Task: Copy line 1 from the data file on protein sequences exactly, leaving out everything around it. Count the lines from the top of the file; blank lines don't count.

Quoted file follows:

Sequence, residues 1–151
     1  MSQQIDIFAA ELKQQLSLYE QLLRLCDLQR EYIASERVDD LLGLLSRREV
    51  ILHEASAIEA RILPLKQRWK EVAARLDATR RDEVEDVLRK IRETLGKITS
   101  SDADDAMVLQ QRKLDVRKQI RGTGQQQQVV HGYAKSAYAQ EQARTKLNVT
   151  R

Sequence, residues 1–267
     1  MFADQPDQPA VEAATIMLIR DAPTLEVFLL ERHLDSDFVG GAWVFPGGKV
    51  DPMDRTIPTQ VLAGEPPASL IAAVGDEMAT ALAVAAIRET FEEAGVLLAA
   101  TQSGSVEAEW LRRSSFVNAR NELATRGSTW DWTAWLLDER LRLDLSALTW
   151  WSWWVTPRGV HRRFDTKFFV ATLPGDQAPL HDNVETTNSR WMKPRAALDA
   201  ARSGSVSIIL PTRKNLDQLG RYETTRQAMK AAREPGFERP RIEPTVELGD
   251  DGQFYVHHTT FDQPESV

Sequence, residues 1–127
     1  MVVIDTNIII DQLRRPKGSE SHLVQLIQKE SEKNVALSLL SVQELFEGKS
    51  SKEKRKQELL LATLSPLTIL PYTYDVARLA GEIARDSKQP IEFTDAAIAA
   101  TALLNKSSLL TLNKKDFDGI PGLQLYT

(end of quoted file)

Sequence, residues 1–151